Search ends on Everest after deadliest accident
Rescuers have given up searching for three sherpa guides missing two days after the deadliest ever accident on Nepal's Mount Everest killed at least 13 and shocked the mountaineering world.
Snow and huge chunks of ice swept down the perilous and crevasse-riddled Khumbu Icefall on Friday as guides ferried supplies to upper camps for foreign climbers trying to reach the summit of the world's highest mountain.
Helicopter searches and teams scouring the area on the ground on Friday and Saturday found no sign of the missing men, who rescuers believe were knocked into crevasses or trapped under snow while preparing the route for climbers.
"We have called off the search operation. It not possible to find the three missing persons, dead or alive," said Lakpa Sherpa, of the Himalayan Rescue Operation, speaking from base camp, the starting point for Everest expeditions.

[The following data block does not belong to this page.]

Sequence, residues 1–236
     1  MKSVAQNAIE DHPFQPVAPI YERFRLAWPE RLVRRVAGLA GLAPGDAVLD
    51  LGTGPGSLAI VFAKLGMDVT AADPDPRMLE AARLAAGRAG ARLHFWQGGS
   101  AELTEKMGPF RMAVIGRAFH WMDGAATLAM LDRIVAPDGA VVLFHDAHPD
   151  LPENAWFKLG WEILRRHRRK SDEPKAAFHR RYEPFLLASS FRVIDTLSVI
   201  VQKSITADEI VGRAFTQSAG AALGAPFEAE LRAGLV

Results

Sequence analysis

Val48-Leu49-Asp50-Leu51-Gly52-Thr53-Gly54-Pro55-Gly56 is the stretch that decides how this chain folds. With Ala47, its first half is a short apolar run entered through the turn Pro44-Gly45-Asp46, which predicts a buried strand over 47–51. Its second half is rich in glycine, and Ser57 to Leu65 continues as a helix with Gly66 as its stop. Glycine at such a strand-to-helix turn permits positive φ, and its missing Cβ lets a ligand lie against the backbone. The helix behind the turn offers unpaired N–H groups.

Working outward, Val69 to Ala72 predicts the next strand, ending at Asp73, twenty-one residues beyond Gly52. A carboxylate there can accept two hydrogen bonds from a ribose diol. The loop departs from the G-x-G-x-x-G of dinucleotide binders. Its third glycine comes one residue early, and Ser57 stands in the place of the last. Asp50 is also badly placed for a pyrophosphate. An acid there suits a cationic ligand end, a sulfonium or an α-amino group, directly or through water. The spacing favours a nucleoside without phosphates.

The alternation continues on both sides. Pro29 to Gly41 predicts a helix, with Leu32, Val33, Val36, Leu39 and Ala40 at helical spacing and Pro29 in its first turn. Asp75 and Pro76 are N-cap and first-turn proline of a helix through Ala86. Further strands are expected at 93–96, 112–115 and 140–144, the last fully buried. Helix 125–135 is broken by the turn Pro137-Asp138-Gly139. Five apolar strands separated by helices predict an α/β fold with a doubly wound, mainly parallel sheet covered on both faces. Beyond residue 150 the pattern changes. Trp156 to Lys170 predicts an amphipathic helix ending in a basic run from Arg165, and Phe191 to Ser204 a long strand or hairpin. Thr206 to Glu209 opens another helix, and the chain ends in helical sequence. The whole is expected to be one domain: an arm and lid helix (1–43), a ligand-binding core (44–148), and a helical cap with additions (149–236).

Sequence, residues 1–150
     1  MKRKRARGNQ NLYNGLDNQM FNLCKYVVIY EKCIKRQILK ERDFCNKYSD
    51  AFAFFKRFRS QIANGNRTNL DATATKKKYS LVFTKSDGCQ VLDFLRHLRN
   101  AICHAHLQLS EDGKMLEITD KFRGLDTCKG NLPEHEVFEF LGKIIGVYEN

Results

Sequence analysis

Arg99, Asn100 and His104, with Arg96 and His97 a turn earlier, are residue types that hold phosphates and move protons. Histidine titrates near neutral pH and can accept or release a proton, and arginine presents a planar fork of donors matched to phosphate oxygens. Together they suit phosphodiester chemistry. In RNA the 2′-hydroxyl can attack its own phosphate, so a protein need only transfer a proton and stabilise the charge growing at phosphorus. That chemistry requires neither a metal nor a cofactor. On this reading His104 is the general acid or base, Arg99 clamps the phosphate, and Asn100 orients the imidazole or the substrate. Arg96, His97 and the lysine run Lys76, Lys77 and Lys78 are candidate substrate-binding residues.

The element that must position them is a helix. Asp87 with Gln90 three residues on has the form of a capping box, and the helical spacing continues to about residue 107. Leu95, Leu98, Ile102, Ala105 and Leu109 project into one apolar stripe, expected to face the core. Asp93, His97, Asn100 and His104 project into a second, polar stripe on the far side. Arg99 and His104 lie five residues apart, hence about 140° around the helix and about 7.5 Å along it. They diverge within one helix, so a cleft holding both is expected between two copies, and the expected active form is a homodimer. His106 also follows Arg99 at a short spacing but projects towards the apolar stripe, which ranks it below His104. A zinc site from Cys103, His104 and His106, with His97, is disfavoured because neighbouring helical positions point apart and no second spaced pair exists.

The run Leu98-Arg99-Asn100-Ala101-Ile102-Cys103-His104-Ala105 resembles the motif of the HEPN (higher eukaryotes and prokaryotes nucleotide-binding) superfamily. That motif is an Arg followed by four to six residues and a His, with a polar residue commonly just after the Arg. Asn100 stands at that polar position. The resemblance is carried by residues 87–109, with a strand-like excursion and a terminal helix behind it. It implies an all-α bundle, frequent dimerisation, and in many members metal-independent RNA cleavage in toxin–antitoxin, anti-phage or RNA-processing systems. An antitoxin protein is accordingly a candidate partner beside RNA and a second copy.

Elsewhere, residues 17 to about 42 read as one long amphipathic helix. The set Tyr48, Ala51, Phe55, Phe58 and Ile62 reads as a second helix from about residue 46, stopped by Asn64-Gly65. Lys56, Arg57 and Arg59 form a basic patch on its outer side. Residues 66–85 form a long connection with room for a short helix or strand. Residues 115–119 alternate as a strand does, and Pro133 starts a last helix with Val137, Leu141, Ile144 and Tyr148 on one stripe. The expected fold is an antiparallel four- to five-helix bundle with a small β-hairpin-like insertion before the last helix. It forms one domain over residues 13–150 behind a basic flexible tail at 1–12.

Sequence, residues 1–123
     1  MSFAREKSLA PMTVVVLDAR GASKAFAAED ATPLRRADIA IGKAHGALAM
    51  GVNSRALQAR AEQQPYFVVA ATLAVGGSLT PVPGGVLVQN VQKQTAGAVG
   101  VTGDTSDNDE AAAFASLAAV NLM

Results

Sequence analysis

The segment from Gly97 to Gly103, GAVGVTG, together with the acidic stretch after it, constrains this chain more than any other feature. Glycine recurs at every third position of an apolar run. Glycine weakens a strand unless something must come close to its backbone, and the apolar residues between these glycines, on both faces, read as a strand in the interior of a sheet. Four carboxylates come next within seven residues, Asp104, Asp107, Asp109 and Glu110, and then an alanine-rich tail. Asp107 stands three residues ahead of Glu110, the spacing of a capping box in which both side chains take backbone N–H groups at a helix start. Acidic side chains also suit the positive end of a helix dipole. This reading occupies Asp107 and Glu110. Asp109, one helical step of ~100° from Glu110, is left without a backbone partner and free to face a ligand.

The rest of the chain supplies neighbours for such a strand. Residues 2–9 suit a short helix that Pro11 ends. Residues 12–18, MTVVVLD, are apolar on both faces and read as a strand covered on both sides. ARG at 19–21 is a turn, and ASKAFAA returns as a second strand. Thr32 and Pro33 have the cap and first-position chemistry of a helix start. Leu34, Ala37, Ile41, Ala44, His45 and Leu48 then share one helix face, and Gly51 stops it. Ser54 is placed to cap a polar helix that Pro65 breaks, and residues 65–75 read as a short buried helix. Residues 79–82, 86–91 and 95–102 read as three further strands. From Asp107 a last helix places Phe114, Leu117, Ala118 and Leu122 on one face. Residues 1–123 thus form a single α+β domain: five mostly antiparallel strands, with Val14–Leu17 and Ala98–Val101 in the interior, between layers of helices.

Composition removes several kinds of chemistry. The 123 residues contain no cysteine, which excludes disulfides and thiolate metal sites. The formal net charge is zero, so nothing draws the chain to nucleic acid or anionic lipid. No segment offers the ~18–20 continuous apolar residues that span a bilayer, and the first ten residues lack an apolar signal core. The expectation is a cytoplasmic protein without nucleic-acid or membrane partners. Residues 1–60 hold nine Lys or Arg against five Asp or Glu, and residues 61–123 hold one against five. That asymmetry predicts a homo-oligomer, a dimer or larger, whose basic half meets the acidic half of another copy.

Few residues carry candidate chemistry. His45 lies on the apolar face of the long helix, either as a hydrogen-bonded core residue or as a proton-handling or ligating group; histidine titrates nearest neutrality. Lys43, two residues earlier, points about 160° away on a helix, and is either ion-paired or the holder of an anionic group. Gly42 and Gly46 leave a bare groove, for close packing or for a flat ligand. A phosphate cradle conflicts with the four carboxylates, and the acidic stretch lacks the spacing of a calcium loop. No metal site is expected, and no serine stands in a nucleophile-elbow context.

The helicopters used in the search and to ferry bodies from the mountain have been called back to Kathmandu, an army spokesman said. The official death toll remained 13 fatalities.
Rescuers brought six bodies from the base camp to Kathmandu at the weekend and have kept them at a sherpa Buddhist monastery in accordance with tradition. The rest were handed over to families in the Solukhumbu region where the accident took place.
"The bodies will be carried out from the monastery and cremated separately according to the sherpa tradition on Monday," said Ang Tshering Sherpa of the Nepal Mountaineering Association.
Sherpas are an ethnic group in Nepal and have helped foreigners climb the country's towering peaks since before Sherpa Tenzing Norgay and New Zealander Sir Edmund Hilary became the first to reach the top in 1953.